Summer session – 14 June in the Council of States / 20 June in the National Council
So far, with its “internal consultation” among the “most important actors”, the Federal Council has tried to prevent an open and honest discussion with the population about the Framework Agreement called for by Brussels. Fortunately, the Economic Affairs and Taxation Committees EATC of the Council of States and the National Council are now intervening and submitting motions to their respective councils to put the most crucial points on the table. The Federal Council is called upon to “improve” the institutional agreement with the EU in additional negotiations. The catch in the matter is that the EU bodies will have little interest in additional negotiations on any subject whatsoever. This is precisely why the EU wants to push through the Framework Agreement, so as to settle the eternal discussions with insubordinate Swiss once and for all. The Framework Agreement is intended to introduce a mechanism for this purpose, based solely on EU law and EU court rulings, not taking side into account any special requests of the Swiss. Our members of parliament are thus trying, so to speak, to square the circle with their motions: they are calling for a discussion about the contents of this agreement, which from the EU’s point of view are not up for debate. For Brussels there is only the acceptance or the refusal of the complete structure, or rather: there is only acceptance. The fact that a concept of this kind does not fit into the structure of the Swiss state (direct democracy, federalism, decentralised and small-scale organisation, preservation of as much sovereignty as possible) is clearly expressed in the two motions.
Motion 19.3416 – Additional negotiations on the Institutional Framework Agreement with the EU (submitted by the Economic Affairs and Taxation Committee of the Council of States (EATC-S ) to the Council of States on 9 April 2019)
“The Federal Council is instructed to conduct additional negotiations with the EU or to take other appropriate measures to improve the institutional agreement with the EU as follows:
Motion 19.3420 – Additional negotiations on the Institutional Framework Agreement with the EU (submitted by the Commission for Economics and Taxes of the National Council (EATC-N)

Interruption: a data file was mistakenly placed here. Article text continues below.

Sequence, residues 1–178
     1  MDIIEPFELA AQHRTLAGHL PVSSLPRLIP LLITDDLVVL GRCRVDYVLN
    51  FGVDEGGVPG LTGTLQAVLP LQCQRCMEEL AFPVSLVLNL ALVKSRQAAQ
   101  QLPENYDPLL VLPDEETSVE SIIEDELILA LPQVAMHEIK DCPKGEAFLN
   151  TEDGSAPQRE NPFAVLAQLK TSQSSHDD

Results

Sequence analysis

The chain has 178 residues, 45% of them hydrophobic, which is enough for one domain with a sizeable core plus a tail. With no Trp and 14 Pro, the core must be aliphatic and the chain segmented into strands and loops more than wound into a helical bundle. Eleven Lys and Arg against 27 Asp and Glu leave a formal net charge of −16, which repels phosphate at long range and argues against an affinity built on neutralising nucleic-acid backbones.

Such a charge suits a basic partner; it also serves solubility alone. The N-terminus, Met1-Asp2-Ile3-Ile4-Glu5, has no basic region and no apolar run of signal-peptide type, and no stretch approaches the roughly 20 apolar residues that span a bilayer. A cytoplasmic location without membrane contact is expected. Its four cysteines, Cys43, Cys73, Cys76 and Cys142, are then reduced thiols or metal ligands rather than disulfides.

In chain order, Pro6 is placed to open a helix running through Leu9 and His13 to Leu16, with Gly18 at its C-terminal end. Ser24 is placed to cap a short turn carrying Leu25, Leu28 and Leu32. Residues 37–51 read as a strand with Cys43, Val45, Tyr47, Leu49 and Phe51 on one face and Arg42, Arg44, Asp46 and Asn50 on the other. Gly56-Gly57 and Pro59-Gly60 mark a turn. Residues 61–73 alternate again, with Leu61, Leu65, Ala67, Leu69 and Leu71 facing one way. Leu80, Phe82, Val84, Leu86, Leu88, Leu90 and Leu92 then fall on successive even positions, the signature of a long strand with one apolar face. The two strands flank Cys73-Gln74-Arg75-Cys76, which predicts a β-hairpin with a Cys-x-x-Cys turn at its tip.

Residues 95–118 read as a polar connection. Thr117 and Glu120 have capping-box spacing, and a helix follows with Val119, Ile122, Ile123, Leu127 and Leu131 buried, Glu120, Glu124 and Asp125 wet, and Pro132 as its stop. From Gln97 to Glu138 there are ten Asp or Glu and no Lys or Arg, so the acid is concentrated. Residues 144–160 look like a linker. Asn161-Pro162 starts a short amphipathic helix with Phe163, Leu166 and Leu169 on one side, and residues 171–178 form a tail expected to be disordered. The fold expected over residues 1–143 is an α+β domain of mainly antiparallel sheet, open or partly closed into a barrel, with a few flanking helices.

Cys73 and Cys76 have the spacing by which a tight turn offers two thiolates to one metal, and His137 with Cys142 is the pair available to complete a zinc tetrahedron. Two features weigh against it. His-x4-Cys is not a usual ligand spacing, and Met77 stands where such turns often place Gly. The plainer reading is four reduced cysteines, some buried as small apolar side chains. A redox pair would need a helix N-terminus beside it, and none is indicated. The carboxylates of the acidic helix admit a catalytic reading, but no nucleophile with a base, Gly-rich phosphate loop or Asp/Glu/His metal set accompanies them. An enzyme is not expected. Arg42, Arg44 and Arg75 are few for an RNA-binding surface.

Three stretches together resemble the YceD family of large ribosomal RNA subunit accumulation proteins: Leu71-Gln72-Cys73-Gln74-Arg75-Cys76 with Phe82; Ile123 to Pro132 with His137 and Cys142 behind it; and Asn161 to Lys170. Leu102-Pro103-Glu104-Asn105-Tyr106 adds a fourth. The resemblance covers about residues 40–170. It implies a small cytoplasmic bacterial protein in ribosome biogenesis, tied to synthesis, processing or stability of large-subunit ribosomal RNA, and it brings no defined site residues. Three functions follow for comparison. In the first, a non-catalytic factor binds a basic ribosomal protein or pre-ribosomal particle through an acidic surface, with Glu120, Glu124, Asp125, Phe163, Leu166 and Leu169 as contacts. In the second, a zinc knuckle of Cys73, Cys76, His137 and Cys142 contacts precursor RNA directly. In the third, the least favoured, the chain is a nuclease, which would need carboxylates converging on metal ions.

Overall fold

The (EATC-N motion has the same wording as that of the Council of States Commission, but is limited to the first three points (wage protection, Citizens of the Union Directive, state aid).
It is true that in its statement of 22 May, the Federal Council requested that these two motions be rejected: A decision by the Federal Council on further negotiations with the EU was said to be premature because the evaluation of consultations with the parliamentary commissions (EATC and Foreign Affairs Committees FAC), the cantons, parties and social partners on the draft agreement was still in progress.
Nevertheless, the Federal Council notes that the Commissions for Economic Affairs and Taxes of both councils are not the only critics of the agreement content: “The concerns mentioned in the motion were also raised by many other participants in the consultations, in particular the guarantee of wage protection, the question of the adoption of the Citizens of the Union Directive and the question of the rules on state aid effects.
The Federal Council itself had therefore refrained from initialling the agreement for the time being: “In particular due to open points with regard to the accompanying measures and the Citizens of the Union Directive [...]”.
As is well known, Swiss Federation of Trade Unions and the Social Democratic Party of Switzerland continue to insist on those strong accompanying measures which they had made a condition for their approval of the free movement of (Bilateral I, referendum of 21 May 2000).1 Strong resistance also comes from the cantons against the expected massive restriction of state (above all cantonal and communal) subsidies. In a radio interview, attorney Simon Hirsbrunner, who advised the cantons on the Framework Agreement, among other things expresses his fear of serious consequences for cantonal economic development.2
We can look forward to the debates in both councils on the numerous controversial points and imponderables that would sweep across us as well as across our understanding of law and state with the adoption of the Framework Agreement. It is plainly impossible to make a square out of a circle. This may be illustrated with a statement made by Director of the Swiss Association of Small and Medium-Sized Enterprises and National Councillor Hans-Ulrich Bigler: “The question is not whether the registration deadline for foreign companies can be reduced from eight to four days. It is a question of whether Switzerland will in the future have to dynamically adopt the EU’s posting of workers and enforcement directives . This is out of the question for trade unions and employers alike.3
It is to be hoped that the National Council and the Council of States will refer the motions to the Federal Council. The reactions of the EU Commission and the EU Council to the Swiss Parliament’s demands will be revealing. Let us wait and see. •
1 See “Framework Agreement with Brussels or self-determination of Swiss citizens?” in: Current Concerns from 10 September 2018
2 “What exactly does the Framework Agreement comprise?” SRF 4 News, 13 December 2018. Interview with lawyer Simon Hirsbrunner: Oliver Washington. Transcript in: “State economic development would be jeopardised” in: Current Concerns from 11 January 2019
3 “This result must be further negotiated.” Interview with SGV Director Hans-Ulrich Bigler in “Neue Zürcher Zeitung” of 21 January; also see “Institutional Framework Agreement as an instrument of European state-building – Prominent Swiss figures on the Framework Agreement”. in: Current Concerns from 12 February 2019
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